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What is the best exercise for me?

They say that training is health, so it's never too late to start a healthier lifestyle that includes regular physical activity.

If this is your case but you do not know where to start, do not miss what we tell you next, since we reveal the different types of existing training explained in a simple way so that you can choose the one that best suits you.

What is the best exercise for me

Why is it important to train?

According to the World Health Organization, performing physical activity is a way to stay healthy and have a better quality of life throughout all phases of the life cycle.

 when we train we look good both inside and outside. And it is that what is recommended by the health authorities is to perform aerobic physical activity (cardio, swimming, pedaling, etc.) moderate between  150-300 minutes or, failing that, intense for about 75-150 minutes and at least anaerobic physical activity (muscle strengthening with one's own body weight or with external weight type Olympic bars)two days a week.

Understanding this is very clear that, although going for a walk is very good, it is necessary to put intensity to the day to day and for that it is time to consider a training routine. The problem with this is that many times you do not know where to start, since in the world of fitness there are countless terms that can easily overwhelm anyone who is starting out in the entire world.

To pave the way it is very important to know the difference between physical activity and sport,both to speak properly and to be able to seek information about it more effectively:

  • Physical activity: Include the most natural body movements, such as walking, cycling or even doing household chores.
  • Physical exercise: It is  repetitive activity, which carries with it a goal. Examples of this would be dancing, jogging and gym routines.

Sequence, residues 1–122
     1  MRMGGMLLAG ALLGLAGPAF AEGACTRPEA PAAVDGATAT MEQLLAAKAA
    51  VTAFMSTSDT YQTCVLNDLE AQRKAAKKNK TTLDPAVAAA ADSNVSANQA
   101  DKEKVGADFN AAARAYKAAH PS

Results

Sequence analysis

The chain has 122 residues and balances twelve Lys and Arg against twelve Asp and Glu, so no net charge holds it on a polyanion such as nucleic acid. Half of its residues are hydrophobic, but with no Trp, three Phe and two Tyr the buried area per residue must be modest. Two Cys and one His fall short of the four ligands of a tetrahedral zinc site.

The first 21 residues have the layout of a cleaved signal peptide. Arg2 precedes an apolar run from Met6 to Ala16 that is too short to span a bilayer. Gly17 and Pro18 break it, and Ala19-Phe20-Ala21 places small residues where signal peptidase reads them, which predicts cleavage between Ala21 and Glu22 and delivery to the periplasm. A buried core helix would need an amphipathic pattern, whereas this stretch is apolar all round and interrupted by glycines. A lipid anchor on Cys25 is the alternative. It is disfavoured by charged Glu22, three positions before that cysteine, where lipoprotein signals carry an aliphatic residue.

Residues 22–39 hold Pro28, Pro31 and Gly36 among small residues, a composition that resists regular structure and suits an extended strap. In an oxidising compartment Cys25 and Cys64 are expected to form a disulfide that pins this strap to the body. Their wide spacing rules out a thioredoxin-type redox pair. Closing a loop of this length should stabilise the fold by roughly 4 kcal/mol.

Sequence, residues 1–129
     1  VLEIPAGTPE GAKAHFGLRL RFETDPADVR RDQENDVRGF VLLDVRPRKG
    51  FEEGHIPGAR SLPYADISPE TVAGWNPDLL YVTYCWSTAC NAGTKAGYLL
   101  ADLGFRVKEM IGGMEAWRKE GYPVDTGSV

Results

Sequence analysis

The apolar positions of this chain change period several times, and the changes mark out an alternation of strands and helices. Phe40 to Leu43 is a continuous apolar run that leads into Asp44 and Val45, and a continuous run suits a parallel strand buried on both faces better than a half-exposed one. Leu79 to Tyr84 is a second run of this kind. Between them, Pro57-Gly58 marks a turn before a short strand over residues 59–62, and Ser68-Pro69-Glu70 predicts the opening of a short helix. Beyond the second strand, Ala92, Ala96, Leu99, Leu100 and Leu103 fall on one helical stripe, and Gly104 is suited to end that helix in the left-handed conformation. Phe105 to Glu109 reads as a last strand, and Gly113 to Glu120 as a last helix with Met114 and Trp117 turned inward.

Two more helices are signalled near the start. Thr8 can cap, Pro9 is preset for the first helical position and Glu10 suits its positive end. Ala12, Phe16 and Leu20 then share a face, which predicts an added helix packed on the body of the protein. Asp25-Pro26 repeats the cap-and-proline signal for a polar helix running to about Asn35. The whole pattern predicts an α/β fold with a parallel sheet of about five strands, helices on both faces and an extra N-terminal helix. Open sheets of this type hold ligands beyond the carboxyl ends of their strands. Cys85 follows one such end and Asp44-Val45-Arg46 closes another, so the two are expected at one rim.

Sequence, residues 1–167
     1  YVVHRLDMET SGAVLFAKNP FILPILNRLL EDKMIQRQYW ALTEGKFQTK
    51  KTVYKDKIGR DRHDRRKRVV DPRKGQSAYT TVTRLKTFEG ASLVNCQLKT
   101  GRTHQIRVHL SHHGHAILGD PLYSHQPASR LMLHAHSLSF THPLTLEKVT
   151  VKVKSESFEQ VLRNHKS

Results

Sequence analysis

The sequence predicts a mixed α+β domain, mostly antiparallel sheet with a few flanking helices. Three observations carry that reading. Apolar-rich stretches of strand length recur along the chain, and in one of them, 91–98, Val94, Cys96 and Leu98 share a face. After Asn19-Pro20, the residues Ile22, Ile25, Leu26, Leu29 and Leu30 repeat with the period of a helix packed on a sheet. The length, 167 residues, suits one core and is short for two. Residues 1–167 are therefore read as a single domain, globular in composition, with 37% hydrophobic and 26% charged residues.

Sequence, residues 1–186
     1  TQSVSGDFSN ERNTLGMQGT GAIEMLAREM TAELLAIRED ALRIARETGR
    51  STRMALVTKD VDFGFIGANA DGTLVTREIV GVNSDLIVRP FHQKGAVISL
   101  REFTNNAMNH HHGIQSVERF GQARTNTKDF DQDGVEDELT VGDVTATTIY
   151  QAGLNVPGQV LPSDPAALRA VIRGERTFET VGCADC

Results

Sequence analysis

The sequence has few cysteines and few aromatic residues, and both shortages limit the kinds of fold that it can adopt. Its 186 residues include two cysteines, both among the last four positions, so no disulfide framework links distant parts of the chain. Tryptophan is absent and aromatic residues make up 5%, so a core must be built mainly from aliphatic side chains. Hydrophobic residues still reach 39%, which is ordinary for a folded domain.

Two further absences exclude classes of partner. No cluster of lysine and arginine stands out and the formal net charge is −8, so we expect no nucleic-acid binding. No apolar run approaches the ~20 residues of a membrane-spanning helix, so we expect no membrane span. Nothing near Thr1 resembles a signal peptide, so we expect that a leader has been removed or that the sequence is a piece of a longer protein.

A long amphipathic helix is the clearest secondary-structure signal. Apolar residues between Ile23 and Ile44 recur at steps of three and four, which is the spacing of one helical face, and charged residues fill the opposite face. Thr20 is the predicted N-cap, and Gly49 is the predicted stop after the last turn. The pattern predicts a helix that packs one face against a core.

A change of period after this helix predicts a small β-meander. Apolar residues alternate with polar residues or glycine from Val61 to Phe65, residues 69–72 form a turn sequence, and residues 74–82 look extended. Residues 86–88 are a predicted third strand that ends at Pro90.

• Sport: Although by definition it is exactly the same as physical exercise, the most purists emphasize that sport is sport because it is competed under specific rules. This includes the basics such as football, basketball, paddle tennis, etc.
That said, the weight question obviously arises which is 'what is the best exercise for me?' Although making detours would count 😉 as aerobic activity we are going to go straight to the point and is that, unless by medical prescription you are unable to do certain types of movements or to manage weight, all routines can be perfectly adapted to you, you will always have the last word depending on your tastes.

So, going again in parts we will differentiate between exercise with one's own body weight (calisthenics) and high-intensity exercises,focusing on crossfit that despite being a functional activity includes external weight.

Calisthenics or crossfit?

As anticipated, calisthenics involves the achievement of exercises with one's own body weight, while crossfit includes crossfit material in order to improve physical fitness.

 When selecting (or combining) a routine you should question what is expected of the training. If your goal is to have greater body control and tone without using materials beyond your own body, you may be more interested in betting on calisthenics,while if your dream is to gain strength, endurance and muscle volume the answer will be in crossfit.

At this point it  worth establishing a difference between crossfit and HIIT (High Intensity Interval Training), since especially in the gym area it can be confused.